What's it like being a female Lyft driver?

According to the Forbes article Why Aren't There More Female Uber And Lyft Drivers? 30% of all U.S. Lyft drivers are women (14% at Uber). While that number is higher than the 12.7% of female taxi drivers in the U.S., it is still very much a male profession. Forbes explains - 

"This economic opportunity has excluded women, not purposefully, but women have self-selected out of it," said Nick Allen, a cofounder and former CFO of Sidecar who left to start Shuddle, a ride service for children. "And the number one reason they do that is the perception of safety or lack thereof."

 

So when I found out a friend of mine, Lori Curry, was driving for Lyft I had to ask her about her experience!

Why did you decide to drive for Lyft?

I was working in child welfare as a foster care supervisor and I was not happy with the way things were going at the time, August 2017, so I resigned. For about a month I didn't work at all, I just focused on my doctorate program but then I decided I needed to do something and at least earn enough to cover monthly expenses instead of using my savings. I have a friend who lives in the Macomb, Michigan area and I knew he drove for Lyft so I spoke with him about it and I researched online if it was considered safe for women.

I decided it didn't seem dangerous, especially if you don't drive late at night, so I thought I'd give it a try. The autonomy and independence of driving when you want really appealed to me.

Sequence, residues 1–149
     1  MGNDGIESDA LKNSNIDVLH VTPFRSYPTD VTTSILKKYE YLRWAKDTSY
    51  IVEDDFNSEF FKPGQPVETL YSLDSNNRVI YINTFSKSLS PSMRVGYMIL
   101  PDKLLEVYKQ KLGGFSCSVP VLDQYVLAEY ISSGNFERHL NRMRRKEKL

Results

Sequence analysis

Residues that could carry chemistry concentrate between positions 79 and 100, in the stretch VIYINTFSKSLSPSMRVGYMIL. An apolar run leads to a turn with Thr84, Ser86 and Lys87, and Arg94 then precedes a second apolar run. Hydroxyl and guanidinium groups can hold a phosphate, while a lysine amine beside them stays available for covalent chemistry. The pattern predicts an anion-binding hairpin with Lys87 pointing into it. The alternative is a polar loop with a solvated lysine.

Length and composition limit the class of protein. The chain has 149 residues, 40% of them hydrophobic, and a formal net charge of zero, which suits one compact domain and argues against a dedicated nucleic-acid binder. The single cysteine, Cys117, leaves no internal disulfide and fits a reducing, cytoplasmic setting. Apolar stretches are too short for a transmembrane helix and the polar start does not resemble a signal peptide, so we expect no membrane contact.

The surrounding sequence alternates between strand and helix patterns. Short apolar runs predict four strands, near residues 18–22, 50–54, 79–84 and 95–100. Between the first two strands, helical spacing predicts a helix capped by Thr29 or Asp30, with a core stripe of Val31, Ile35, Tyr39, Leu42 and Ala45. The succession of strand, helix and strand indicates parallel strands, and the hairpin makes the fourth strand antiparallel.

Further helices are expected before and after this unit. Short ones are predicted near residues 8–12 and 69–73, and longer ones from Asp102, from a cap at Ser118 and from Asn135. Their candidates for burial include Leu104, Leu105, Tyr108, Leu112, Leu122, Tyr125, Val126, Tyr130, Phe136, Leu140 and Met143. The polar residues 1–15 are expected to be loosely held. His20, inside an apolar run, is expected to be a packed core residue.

Did you receive any special training?

No. Lyft requires copies of your driver's license, you have to upload a photo, car registration and insurance.  Then they complete a background check. They provide tutorials on their webpage, but I never watched them. Now that I've driven for a few months, I would advise anyone new that they watch the tutorials. I found out things the hard way!

What tools does Lyft provide employees?

They send you two window stickers for your car. Then you download their driver application onto your smart phone. The application is how you get your rides, track your pay and get paid. They deposit the money directly into your bank. In general, no money should be exchanged in your car. Once in a great while, someone will give you a cash tip.

Lyft also gives you the best times to drive in your area. You will figure that out also, but you really have to drive often, 8 or more hours a day, to make as much money as they advertise. But for a part-time gig, it's not bad.

As a woman in the ride sharing industry, did you ever feel unsafe?

Not exactly. There were a few neighborhoods that I picked people up in that I am aware are not the best areas. But people are just trying to get to work, the doctor, home, the store, etc. However, for safety purposes, I kept a small can of pepper spray in my driver's side door and I also kept a spray can of Febreeze. The Febreeze had two purposes, I don't smoke and some people do, and ...some people also smelled like their jobs and some smelled like marijuana. So, I used the Febreeze to spray the backseat after they left and I rolled down the windows to air out the car. I also figured, if necessary, I could spray someone in the face with the Febreeze. I also decided early on that I was NOT going to drive late at night. I didn't want intoxicated folks in my backseat throwing up or giving me a hard time. I thought if I ever had a problem, it would be on a late weekend night, so I didn't drive those times. Though I've heard you can make a lot of money then, I would rather not take the chance.

Does Lyft allow you to decline a pickup if you feel uncomfortable about the area?